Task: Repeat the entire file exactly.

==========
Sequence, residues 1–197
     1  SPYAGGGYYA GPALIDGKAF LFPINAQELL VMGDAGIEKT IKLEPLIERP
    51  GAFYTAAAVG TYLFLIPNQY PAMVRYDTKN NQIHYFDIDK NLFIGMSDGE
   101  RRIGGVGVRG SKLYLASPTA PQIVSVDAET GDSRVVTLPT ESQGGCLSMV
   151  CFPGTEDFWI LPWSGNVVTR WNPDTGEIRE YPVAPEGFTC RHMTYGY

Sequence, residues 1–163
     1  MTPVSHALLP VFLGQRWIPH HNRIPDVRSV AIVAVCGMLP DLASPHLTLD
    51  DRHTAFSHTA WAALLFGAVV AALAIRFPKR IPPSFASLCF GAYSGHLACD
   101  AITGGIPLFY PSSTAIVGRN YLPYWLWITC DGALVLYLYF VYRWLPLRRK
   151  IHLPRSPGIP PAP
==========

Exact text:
Sequence, residues 1–197
     1  SPYAGGGYYA GPALIDGKAF LFPINAQELL VMGDAGIEKT IKLEPLIERP
    51  GAFYTAAAVG TYLFLIPNQY PAMVRYDTKN NQIHYFDIDK NLFIGMSDGE
   101  RRIGGVGVRG SKLYLASPTA PQIVSVDAET GDSRVVTLPT ESQGGCLSMV
   151  CFPGTEDFWI LPWSGNVVTR WNPDTGEIRE YPVAPEGFTC RHMTYGY

Sequence, residues 1–163
     1  MTPVSHALLP VFLGQRWIPH HNRIPDVRSV AIVAVCGMLP DLASPHLTLD
    51  DRHTAFSHTA WAALLFGAVV AALAIRFPKR IPPSFASLCF GAYSGHLACD
   101  AITGGIPLFY PSSTAIVGRN YLPYWLWITC DGALVLYLYF VYRWLPLRRK
   151  IHLPRSPGIP PAP